Other voters – heretofore Bush supporters – are more than just cynical. They're history. Influential (and gay) columnist Andrew Sullivan, for one, has expressed outrage at Bush's tactical wedge and now vehemently opposes the president's reelection. And Log Cabin Republicans, who claim one million gays voted Bush's way in 2000, say their 2004 votes are at risk. What the White House gains from one group, it loses in others.

Last, most Americans simply dislike social engineering and especially dislike using the U.S. Constitution as a tool to accomplish it. The Constitution may be a living document, but it's not a day-by-day work in progress for cynical politicians to abuse as an opportunistic prop. (Well, Republicans don't mind. A National Annenberg Election Survey shows them favoring an amendment by 57 to 35 percent, while Democrats and Independents are opposed 57 to 34 and 52 to 37 percent, respectively.)

Despite what pundits have trumpeted with near unanimity, Bush's call for constitutionally banning gay marriage was anything but brilliant. Quite the contrary. Post-election analysis will show it to have been a shortsighted, desperate, futile and – above all – self-defeating act.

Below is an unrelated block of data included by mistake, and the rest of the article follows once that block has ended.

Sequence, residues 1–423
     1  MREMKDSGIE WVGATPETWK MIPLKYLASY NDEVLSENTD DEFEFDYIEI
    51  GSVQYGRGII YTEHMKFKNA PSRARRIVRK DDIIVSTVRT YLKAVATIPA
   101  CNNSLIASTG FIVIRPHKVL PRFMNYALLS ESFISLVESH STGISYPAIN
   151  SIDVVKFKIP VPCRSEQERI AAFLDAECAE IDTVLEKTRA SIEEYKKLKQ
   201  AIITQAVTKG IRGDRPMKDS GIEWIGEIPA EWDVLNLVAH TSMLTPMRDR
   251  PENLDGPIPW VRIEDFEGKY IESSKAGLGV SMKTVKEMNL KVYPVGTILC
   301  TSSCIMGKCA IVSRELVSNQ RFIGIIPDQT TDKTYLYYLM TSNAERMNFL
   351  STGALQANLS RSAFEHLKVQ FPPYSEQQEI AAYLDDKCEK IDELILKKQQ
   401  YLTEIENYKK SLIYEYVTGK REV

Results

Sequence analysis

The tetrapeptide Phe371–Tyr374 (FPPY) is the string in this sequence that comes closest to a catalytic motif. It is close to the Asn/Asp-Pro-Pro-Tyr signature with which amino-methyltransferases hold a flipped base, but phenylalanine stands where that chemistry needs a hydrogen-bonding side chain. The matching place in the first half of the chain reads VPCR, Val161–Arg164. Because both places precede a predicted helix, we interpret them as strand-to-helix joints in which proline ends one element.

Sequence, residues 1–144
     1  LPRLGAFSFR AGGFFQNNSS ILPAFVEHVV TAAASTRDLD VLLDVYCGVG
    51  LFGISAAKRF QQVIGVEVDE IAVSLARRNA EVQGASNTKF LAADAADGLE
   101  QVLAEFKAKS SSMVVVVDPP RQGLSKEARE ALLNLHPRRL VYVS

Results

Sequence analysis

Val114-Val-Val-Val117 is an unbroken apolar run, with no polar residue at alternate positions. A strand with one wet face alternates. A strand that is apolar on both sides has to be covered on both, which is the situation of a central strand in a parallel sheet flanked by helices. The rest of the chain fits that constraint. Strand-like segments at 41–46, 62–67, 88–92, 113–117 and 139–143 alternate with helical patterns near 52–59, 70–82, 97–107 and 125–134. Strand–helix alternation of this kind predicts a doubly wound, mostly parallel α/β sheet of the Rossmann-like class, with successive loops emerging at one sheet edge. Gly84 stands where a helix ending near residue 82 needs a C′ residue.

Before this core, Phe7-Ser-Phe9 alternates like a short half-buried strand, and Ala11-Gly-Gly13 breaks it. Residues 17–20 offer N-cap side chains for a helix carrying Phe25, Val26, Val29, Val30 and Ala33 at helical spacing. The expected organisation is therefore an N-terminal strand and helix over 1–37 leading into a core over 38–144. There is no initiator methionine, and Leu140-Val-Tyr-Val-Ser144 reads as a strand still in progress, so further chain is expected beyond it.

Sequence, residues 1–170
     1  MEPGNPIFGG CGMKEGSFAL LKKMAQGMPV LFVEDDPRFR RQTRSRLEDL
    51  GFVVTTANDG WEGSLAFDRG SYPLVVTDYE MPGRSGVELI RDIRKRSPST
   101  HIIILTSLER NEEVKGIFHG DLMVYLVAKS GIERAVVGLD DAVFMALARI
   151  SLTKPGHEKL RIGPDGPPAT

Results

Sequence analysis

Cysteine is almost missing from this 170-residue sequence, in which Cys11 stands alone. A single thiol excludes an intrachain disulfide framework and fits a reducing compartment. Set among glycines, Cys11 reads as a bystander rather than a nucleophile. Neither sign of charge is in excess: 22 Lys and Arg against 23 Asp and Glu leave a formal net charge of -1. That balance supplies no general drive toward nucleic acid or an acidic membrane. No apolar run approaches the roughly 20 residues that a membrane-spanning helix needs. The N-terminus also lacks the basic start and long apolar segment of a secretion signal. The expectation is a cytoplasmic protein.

That's my prediction. Then again, I also predicted Dick Gephardt would win the Iowa caucuses.


© Copyright 2004 P. M. Carpenter

Mr. Carpenter's column is published weekly by History News Network and buzzflash.com.


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Marie Antonia Gianelli - 6/27/2007

The author's use of the term Machiavellian is an incorrect usage. Machiavelli, author of The Prince", uses the Ends Justifies the Means view only where the Good of the Nation or the Health of the State. Bush's Machine is far more self-serving than that, and certainly NOT in the Best Interest of the People of America...


Josh S Narins - 4/6/2004

"born gay": wrong. Proof: athens+sparta of old => treat women like dirt and you get dirty women and men who prefer something else

"gay marriage": You don't like gays? Get rid of your democracy[1]. source: athens+sparta of old. Personally, I'd dump "true believers in the literal word of the Bible" before homosexuals, since the Bible[2] treats women like dirt.

"crypto-statism" : I (and conservatives) say the government can't walk into Your Church and tell the Preacher who, if any, before them, can marry.

"bio-messiness": XXY, hermaphrodites, those who change of their own volition: I (and conservatives) say the government can't walk into Your Body and tell you what gender You Are, and therefore, whom you can marry.[3]

"polygamy": I think legislation distinguishing gay marriage and polygamy/polyandry is trivial, and can be summarized as "two, max", and through the tax code, they already do.